Thursday, October 28, 2010

In which I wage war against hard water

A month or so ago, our hot water heater bit the dust and when the plumber came toiling up the basement steps, he said, "That hot water heater needs to drain out, but honestly, it's so full of lime scale, I'm not going to be able to carry it upstairs by myself."

He was kind enough not to add: "Because your basement steps look like they were constructed by Daniel Boone and I'm afraid I'll plunge backward down them to my death if I try to heave your crappy hot water heater up them and out to my van."

The plumber said that he'd give it a day or so to drain dry and then come back to remove it, which he did. I thought our problems were over since I could take a shower and wash the clothes and the dishes, but it turned out that the trouble was just beginning.

What we didn't realize was this: The old hot water heater, while it was busy filling its interior with a nice chunk of limestone (I wondered if we broke it open like a geode, I'd find a lovely decorative boulder for my front yard), it was actually functioning as a filter of sorts for all further lime deposits. Once the new, clear water heater was working, those lime deposits came swishing right on through and, well, DEPOSITED themselves on our dishes and our clothing, to disastrous results.

My husband and I have been making noises for the past five years about how we need a water softening system, but frankly, it would be just one more expense on a household budget that is already strained to the max. Every six months or so, I'd go out and buy some new glasses to replace the old set that had been permanently etched by the hard water in the dishwasher, but other than that, the damage wasn't really that awful.

But now? Wow. I bought a really cute new chocolate brown top around the same time we got the new water heater: twice through the laundry and it was utterly ruined, turned into a "heathered" version of its former cuteness due to the mineral deposits. And our dishes....oh, my heavens, I can't even think about the way our dishes looked without cringing. The plates, the glasses, the silverware, saucepans, ovenware....all of it looked like it had been rubbed with wet chalk and left to dry. SO GROSS. Which made me kind of worry about my dishwasher, you know? And my washing machine.

So several weeks ago, I declared war on hard water. We've asked the plumber to come back and run a dedicated water line -- lucky us, he was JUST HERE to run a dedicated water line for the ice maker, and now he gets to come back again and I hope he enjoys the vacation he takes with his family next summer because I believe we're the ones who made it all possible -- but in the meantime, I did some internet research on how to reclaim washing machines, dishwashers, kitchen stuff and clothing from the depredations of mineral deposits.

The items you see in the picture above are, from left to right, Dishwasher Magic, Lemi-Shine, Barkeeper's Friend, distilled white vinegar, CLR, Jet-Dry and Finish dishwasher detergent. For the laundry, I have white vinger and 20 Mule Team borax.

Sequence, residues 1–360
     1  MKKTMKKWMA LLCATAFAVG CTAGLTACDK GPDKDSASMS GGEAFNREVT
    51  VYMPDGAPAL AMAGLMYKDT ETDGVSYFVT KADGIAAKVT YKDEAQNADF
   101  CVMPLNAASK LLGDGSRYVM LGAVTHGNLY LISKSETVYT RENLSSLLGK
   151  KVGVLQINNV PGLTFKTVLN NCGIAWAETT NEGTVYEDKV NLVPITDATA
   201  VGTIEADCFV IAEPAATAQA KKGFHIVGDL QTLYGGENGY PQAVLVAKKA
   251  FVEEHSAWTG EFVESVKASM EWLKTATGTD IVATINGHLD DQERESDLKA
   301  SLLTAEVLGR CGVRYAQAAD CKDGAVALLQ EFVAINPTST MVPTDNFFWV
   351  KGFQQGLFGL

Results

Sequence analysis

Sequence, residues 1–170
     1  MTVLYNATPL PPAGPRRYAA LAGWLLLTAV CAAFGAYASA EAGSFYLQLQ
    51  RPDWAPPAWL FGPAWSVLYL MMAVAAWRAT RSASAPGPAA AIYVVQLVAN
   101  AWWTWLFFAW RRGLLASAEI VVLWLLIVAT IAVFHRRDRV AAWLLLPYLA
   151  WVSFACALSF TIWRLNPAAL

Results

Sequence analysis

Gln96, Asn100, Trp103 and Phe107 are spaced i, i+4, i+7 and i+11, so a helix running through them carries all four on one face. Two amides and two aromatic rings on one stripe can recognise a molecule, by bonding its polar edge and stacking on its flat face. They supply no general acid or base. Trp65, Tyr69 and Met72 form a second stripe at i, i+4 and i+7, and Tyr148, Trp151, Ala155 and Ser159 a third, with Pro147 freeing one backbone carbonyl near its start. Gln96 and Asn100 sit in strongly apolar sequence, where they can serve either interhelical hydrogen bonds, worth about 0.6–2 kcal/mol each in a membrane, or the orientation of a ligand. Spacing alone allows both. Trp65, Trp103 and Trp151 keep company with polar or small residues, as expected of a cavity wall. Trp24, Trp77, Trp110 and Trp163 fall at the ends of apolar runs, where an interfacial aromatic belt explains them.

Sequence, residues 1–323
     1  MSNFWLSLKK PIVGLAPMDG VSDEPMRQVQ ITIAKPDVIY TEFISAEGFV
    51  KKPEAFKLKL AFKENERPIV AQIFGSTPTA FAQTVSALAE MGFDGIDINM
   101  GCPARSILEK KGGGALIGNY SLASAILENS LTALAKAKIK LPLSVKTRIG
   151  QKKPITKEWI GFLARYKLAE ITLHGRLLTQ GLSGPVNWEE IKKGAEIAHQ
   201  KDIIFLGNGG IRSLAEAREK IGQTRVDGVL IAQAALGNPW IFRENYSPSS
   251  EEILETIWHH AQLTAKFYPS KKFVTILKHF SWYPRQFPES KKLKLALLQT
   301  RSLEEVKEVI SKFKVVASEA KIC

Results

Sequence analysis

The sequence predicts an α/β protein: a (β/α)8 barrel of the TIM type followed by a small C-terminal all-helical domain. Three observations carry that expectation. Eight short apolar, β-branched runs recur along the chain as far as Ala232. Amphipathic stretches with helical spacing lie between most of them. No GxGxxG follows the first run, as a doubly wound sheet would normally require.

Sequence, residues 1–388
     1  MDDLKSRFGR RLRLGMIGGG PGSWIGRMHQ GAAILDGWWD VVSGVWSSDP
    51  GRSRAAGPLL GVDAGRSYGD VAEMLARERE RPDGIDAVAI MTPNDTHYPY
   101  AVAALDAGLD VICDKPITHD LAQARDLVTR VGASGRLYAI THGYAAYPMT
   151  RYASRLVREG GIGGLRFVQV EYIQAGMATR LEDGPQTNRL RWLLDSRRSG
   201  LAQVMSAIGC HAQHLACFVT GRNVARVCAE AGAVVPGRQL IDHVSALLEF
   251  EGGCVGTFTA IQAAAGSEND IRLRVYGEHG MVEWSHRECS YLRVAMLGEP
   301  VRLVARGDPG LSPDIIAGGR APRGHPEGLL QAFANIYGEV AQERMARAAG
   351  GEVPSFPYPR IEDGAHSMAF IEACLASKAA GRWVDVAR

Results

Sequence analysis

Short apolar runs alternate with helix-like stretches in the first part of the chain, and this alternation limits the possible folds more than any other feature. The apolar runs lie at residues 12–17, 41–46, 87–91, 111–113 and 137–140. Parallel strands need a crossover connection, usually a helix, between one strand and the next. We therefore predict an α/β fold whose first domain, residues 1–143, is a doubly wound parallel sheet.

If you have hard water, I highly recommend all the above products because they helped me reclaim my dishes and have probably saved my dishwasher. Now when we run the dishwasher, we use one Finish tablet in the main compartment, fill the second compartment halfway full with Lemi-Shine (only available at Wal-Mart in my city, right where you find the other dishwasher stuff) and make sure the reservoir that holds liquid rinse agent is filled with white vinegar. We also have a little basket of Jet-Dry hanging from the top rack -- just make sure it's out of the way of your upper rack sprayer arm.

Once a month, we use the Dishwasher Magic. When you unscrew the lid of the little bottle, you see a wax seal. Leaving that seal in place, you turn the bottle upside down in the silverware basket and then run the EMPTY dishwasher on the hottest cycle available, which on my Whirlpool dishwasher is called "Pots and Pans."

I had to use the Barkeeper's Friend scouring powder on plates, pots, pans and silverware to get them to come clean enough to run through the dishwasher again and it took me about six hours and four fingernails. But boy, did it work! Everything in my kitchen is now gleaming with a brightness I haven't seen in a couple of weeks.

I'm sorry to say that my cute chocolate brown top is a bust, which makes me very sad. But at least we're getting things figured out before anything else gets ruined. I don't know why my NEW top had to be the one laundry item that completely bit the dust, but since we've started using the borax and the white vinegar (in the rinse cycle), our other clothes have felt better - the fabric is softer. I don't know if I could say that everything looks cleaner, but I feel like something good might be happening.

So! If you have hard water, or if you have soft water but still find that the natural state of your state's water is somewhat hard even after treatment, I'd recommend any of these things to help you keep your appliances and your kitchen and laundry items clear of mineral deposits. I plan to continue using the Lemi-Shine, for instance, even after the water softener is installed next week because I've never seen anything like my gorgeous, shiny glasses. They all look like they've been hand-washed every single time, and you know that glassware is the hardest thing to keep shiny and free of spots. Use and enjoy -- but BUY SOME KITCHEN GLOVES for your hands.

1 comment:

Kayte said...

wow, this is extremely helpful...i can see i need to get busy in the household chores department and update my arsenal of products...thanks for all of this, no really, thanks